Staunton, February 19 – Apparently in order to save money, Moscow has decided to end government-paid-for treatment of tuberculosis and venereal diseases, a decision that, given the large number of cases in the Russian Federation, will contribute to that country’s continuing demographic decline.
In a comment on the “Svobodnaya pressa” portal today, Oleg Koen and Aleksandra Koen note that the Russian government has just released a list of diseases for which Russian citizens can receive free treatment. Gone from this year’s list, they point out, are sexually transmitted diseases and tuberculosis (svpressa.ru/blogs/article/39242/).
What drove officials to take this step, the authors say, “is not clear,” given that both of these categories of disease represent a far greater public health threat than do many of the diseases that Russians can still obtain government-supplied treatment without making any payment.
From now on, they note, Russians will have to pay for treatment of gonorrhea and syphilis, both of which are widespread in that country. In the past, they could get “free treatment at dispensaries at their place of residence.” Now, if they are diagnosed with one or the other of these, they will either have to pay or not get cured.
“In the capital and major cities, more or less well-off citizens will turn both to government institutions and private clinics,” the Koens say, even though the costs can range up to 17,000 rubles (580 US dollars), a price that will put treatment beyond the reach of many ordinary Russians.
Moreover, they point out, “the quality of treatment will correspond to the distance of the region from civilization, that is from cities with at least a million residents.” But the requirement that Russians pay for such treatment will exacerbate another obstacle to seeking medical attention for such problems.
As in the past, “the main obstacle for cures will be not money and not the time it takes ot travel to an oblast center but the banal lack of desire to receive such treatment.” As the Koens note, “it is no secret many Russians from childhood relate to doctors with care and view people in white coasts approximately the way they do Judeo-masons, witches and NKVD executioners.”
Trusting such people was unthinkable in Soviet times, and “for certain Russians hardly anything has changed. The introduction of paid services will become another reason not to visit the doctor’s offices,” with some trying to make use of often ineffective folk remedies and others choosing not to be treated at all.
The situation with regard to tuberculosis may be even worse, the two write. TB is “a social disease,” one that is “most widespread” among “the least well-off and least defended strata of the population,” including those in prisons and those in the military. To that has been added Gastarbeiter communities where infections are rife.
According to the Russian health ministry, the Koens report, there were about 82 tuberculosis cases for every 100,000 Russian Federation citizens, with 117,227 new cases registered in that year, the fewest in the Central Federal District and the most in the Far Eastern FD.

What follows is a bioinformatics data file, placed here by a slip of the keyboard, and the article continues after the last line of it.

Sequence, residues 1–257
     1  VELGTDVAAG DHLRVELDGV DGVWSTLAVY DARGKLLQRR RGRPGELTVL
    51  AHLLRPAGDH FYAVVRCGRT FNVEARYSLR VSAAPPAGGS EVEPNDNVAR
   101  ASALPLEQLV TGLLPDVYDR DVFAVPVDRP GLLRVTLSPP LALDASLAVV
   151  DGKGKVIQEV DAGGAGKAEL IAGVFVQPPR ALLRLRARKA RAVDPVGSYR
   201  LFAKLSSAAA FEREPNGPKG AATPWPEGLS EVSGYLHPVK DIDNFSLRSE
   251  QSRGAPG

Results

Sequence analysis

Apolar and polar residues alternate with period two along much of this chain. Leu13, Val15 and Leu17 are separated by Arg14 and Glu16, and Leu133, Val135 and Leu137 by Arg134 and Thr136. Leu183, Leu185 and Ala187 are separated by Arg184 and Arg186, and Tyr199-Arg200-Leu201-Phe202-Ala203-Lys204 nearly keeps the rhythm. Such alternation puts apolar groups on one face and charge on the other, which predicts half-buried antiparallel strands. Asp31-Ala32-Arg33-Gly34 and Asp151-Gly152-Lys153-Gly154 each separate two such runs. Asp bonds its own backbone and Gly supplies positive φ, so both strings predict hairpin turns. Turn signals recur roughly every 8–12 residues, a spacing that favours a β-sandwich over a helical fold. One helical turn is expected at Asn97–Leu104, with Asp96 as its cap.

Mortality from tuberculosis in 2007, they say, was 18.1 per 100,000 residents. That means that every year approximately 25,000 Russians die from this disease, “three times more” than the rate in Europe. In fact, 85 percent of Russian deaths from infectious and parasite disease are now from tuberculosis, a disease which can be treated effectively.
“If an individual suffers from venereal diseases and is not cured,” the Koens say, “that individual in essence brings harm exclusively to his own health and – potentially – to his possible sexual partners. But if one is speaking about tuberculosis, then the social danger that someone ill with that presents is high.”
Curing tuberculosis varies in cost. The World Health Organization suggests that most ambulatory TB cases can be treated for about 3,000 to 5,000 rubles (100 to 180 US dollars), but in the case of antibiotic resistance tuberculosis, the cost can rise to “several thousand or even tens of thousands of dollars.”
Other countries recognize this threat and provide public health support for cures. The Koens survey the cases of the US, the UK, Singapore, China, Australia, Canada and even Belarus. In every case, they say, the government provides more assistance for tuberculosis victims than Russia now proposes to do.
Indeed, “even in the very poorest countries, the situation is better than in Russia,” they note, reporting that in Afghanistan and even in The Gambia, the governments continue to assume responsibility for combating this public health scourge. And now, despite all the words from the top leaders about taking care of the population, Moscow is making the situation worse.
“These changes,” the Koens point out, “directly affect approximately one in every 1,000 residents of the Russian Federation and indirectly all those with whom this one tenth of one percent who are infected comes into contact.” If one reflects that this is an airborne disease, “that is practically any person” at all, something that should give Russians pause.